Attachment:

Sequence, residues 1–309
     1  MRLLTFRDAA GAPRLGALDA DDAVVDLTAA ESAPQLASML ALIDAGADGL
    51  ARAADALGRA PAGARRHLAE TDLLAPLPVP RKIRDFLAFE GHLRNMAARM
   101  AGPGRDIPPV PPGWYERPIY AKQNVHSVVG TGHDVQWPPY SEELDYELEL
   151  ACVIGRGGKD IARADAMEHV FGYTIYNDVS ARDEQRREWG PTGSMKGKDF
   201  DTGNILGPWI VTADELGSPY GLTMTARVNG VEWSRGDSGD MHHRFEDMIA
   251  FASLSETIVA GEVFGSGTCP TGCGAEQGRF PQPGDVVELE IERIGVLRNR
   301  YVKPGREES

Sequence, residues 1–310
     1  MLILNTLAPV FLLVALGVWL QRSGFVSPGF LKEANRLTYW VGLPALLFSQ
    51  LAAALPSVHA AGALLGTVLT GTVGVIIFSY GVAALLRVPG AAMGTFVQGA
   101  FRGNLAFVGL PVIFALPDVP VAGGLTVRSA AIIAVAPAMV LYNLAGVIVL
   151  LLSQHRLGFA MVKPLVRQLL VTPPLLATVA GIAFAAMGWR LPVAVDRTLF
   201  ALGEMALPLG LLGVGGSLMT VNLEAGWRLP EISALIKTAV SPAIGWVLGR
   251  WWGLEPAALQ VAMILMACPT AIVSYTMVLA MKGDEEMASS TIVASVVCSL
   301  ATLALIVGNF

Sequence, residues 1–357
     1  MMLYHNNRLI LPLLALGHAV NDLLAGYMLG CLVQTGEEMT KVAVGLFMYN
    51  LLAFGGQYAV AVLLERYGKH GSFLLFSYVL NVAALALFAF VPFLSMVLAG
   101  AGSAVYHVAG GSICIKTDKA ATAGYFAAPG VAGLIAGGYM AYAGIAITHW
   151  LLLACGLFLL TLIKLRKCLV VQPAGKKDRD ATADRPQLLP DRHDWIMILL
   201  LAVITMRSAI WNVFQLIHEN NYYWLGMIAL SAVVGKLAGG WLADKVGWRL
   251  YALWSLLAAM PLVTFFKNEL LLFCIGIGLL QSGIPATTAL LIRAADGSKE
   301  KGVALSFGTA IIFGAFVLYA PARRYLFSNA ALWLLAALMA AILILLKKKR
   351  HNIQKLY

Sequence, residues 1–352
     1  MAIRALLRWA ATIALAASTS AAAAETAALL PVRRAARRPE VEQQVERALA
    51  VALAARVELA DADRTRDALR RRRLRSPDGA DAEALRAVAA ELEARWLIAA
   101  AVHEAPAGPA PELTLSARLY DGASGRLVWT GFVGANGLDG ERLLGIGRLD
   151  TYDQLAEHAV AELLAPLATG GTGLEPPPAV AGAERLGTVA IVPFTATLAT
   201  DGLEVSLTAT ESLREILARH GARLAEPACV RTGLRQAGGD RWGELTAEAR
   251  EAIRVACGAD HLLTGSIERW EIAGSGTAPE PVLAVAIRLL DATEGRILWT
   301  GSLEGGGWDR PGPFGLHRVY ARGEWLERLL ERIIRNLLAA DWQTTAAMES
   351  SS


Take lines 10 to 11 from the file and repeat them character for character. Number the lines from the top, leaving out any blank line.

     1  MLILNTLAPV FLLVALGVWL QRSGFVSPGF LKEANRLTYW VGLPALLFSQ
    51  LAAALPSVHA AGALLGTVLT GTVGVIIFSY GVAALLRVPG AAMGTFVQGA